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Software Architect

Warning, problems in mirror may be larger than they appear

Book: 97 Things Every Software Architect Should Know
Publisher: O’Reilly Media
Author: Richard Monson-Haefel
97 Things Every Software Architect Should Know – 35/97

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I’ve worked on hundreds of software projects. Every one had issues that caused more problems than the team expected. Often, a small part of the team identified the issue early on and the majority dismissed or ignored it because they didn’t understand how important it really was until it was too late.forces at work include:

The forces at work include:

  • Issues that seemed trivial early in the project become critical after it is too late to fix them. While the boiling frog experiment may be folk-lore, it’s a useful analogy for what happens in many projects.
  • Individuals often face resistance when the rest of the team does not share their experience or knowledge. Overcoming this resistance requires unusual courage, confidence and persuasiveness. It rarely happens, even with highly paid, experienced consultants specifically hired to help avoid such problems.
  • Most software developers are optimists. Painful experience teaches us to temper our optimism, but without specific experience we tend toward optimism. Natural pessimists on development teams are often unpopular, even if they are consistently right. Few people will risk this reputation and take a stand against the majority without a very solid case. Most of us have had the “This makes me uncomfortable, but I can’t explain why” feeling, but sharing it rarely wins any arguments.
  • Every team member has a different view of what is more or less important. Their concerns are often focused on their personal responsibilities, not the project’s goals.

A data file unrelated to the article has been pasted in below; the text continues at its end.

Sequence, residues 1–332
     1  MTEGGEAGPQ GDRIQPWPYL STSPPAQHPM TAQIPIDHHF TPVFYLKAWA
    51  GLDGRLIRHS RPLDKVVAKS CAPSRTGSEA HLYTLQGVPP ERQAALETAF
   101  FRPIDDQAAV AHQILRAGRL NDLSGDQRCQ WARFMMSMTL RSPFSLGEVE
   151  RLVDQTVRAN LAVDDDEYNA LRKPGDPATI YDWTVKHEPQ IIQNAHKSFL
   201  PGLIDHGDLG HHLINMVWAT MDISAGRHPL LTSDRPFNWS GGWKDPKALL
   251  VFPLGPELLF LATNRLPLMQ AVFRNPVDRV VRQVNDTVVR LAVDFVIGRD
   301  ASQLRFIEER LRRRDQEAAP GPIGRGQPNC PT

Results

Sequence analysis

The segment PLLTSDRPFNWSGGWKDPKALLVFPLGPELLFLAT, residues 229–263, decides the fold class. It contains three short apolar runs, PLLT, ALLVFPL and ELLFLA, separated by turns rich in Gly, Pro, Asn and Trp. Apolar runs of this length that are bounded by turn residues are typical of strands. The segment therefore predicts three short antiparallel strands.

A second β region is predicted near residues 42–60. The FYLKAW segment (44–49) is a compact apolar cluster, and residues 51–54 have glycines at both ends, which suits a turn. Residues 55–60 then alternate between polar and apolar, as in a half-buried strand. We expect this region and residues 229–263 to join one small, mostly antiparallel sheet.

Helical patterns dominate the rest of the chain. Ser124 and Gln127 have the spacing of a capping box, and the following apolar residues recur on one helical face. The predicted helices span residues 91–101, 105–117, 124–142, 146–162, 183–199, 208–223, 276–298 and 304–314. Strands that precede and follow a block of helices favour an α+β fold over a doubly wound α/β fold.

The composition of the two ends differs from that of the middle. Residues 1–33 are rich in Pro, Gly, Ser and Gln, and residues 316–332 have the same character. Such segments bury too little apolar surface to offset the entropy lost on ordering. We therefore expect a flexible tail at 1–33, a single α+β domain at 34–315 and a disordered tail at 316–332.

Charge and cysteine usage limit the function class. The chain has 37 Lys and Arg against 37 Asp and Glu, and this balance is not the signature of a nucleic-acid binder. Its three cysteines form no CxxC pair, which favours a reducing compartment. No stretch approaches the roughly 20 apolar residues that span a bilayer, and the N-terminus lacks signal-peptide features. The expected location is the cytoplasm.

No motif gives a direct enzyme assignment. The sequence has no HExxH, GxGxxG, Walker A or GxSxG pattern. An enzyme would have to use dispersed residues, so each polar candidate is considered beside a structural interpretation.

• We all have blind spots; short-comings that are difficult for us to recognize or to accept.

Some possible strategies to counter-act these forces could include:

  • Establish an organized approach to managing risks. One simple approach is to track risks the same way you track bugs. Any one can identify a risk and each risk is tracked until it is no longer a risk. Risks are prioritized and reviewed when their status changes or when there is new information. This helps remove emotion from the discussion and makes it easier to remember to re-evaluate them periodically.
  • When going against the majority, look for ways to help the rest of the team understand more easily. Encourage any team you’re on to recognize the value in dissenting opinions and look for neutral ways to discuss them.
  • “Bad smells” are worth recognizing. If the facts aren’t there yet, look for the simplest tests that would provide the facts.
  • Constantly test your understanding against the team and the customer. Tools such as a prioritized list of user stories can help but are no substitute for regular communications with the customer and an open mind.
  • Blind spots are, by definition, hard to recognize. People you trust to tell you the hard truth when you need it are a precious resource.
'Coz sharing is caring

By Swatantra Kumar

Swatantra is an Open Source evangelist, a technologist and researcher. Professionally, he does software development, software architecture, server administration and project management. When he's not writing software, he enjoys building web entities and servers, reading about and working with new technologies, and trying to get his friends to make the move to open source software. He's written, co-written and published many articles in international journals, on various domains/topics including Open Source, Networks, Computer Organization, Mobile Technologies, and Business Intelligence. He made a proposal for an information management system at University level during graduation days.

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